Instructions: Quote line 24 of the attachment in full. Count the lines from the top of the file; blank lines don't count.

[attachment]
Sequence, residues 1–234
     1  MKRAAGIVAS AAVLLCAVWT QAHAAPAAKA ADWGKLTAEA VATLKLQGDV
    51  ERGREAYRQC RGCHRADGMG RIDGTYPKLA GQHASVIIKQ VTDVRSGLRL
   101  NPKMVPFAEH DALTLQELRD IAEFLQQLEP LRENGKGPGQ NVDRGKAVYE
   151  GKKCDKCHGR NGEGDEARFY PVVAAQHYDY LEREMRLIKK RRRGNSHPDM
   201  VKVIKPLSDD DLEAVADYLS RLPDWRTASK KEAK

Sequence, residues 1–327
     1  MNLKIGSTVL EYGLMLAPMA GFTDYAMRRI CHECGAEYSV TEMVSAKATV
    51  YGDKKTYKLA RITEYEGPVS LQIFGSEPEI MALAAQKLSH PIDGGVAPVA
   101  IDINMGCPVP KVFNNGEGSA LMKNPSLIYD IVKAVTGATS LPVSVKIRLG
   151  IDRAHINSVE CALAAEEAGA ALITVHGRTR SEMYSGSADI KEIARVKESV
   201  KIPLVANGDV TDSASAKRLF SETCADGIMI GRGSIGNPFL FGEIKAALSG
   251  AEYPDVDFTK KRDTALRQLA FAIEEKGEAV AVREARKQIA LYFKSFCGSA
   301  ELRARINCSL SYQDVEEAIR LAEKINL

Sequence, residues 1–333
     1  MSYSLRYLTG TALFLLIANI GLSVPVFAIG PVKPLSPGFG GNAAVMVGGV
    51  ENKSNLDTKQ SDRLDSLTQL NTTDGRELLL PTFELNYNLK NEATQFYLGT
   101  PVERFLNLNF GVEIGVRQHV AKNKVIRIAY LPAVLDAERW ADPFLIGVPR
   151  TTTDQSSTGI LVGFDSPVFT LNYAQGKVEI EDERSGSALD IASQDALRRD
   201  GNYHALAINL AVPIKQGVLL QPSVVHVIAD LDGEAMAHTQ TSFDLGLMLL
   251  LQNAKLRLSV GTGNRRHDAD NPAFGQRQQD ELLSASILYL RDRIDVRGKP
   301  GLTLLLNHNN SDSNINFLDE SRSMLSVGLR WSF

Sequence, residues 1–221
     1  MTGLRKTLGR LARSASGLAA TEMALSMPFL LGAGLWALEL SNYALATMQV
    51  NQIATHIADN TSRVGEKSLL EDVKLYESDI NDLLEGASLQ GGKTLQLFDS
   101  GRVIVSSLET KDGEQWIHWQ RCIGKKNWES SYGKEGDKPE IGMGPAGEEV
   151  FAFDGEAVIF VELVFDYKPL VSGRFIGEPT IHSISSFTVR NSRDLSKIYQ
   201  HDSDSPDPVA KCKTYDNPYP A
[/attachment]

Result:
     1  MTGLRKTLGR LARSASGLAA TEMALSMPFL LGAGLWALEL SNYALATMQV